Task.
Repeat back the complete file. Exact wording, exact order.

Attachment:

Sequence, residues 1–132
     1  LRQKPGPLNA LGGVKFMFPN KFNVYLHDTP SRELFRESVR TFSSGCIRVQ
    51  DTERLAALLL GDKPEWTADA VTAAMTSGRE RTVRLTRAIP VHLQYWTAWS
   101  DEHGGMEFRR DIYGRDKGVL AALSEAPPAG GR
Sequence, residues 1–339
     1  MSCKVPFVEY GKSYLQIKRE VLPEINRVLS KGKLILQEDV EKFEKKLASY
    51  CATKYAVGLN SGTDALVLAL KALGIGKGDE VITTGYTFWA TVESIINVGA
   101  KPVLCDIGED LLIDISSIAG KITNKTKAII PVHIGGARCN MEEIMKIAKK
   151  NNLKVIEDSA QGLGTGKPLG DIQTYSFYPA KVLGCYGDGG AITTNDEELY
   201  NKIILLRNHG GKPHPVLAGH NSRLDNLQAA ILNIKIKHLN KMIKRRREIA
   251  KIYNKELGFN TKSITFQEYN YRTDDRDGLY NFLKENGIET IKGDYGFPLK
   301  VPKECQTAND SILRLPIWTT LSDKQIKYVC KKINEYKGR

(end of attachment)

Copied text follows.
Sequence, residues 1–132
     1  LRQKPGPLNA LGGVKFMFPN KFNVYLHDTP SRELFRESVR TFSSGCIRVQ
    51  DTERLAALLL GDKPEWTADA VTAAMTSGRE RTVRLTRAIP VHLQYWTAWS
   101  DEHGGMEFRR DIYGRDKGVL AALSEAPPAG GR
Sequence, residues 1–339
     1  MSCKVPFVEY GKSYLQIKRE VLPEINRVLS KGKLILQEDV EKFEKKLASY
    51  CATKYAVGLN SGTDALVLAL KALGIGKGDE VITTGYTFWA TVESIINVGA
   101  KPVLCDIGED LLIDISSIAG KITNKTKAII PVHIGGARCN MEEIMKIAKK
   151  NNLKVIEDSA QGLGTGKPLG DIQTYSFYPA KVLGCYGDGG AITTNDEELY
   201  NKIILLRNHG GKPHPVLAGH NSRLDNLQAA ILNIKIKHLN KMIKRRREIA
   251  KIYNKELGFN TKSITFQEYN YRTDDRDGLY NFLKENGIET IKGDYGFPLK
   301  VPKECQTAND SILRLPIWTT LSDKQIKYVC KKINEYKGR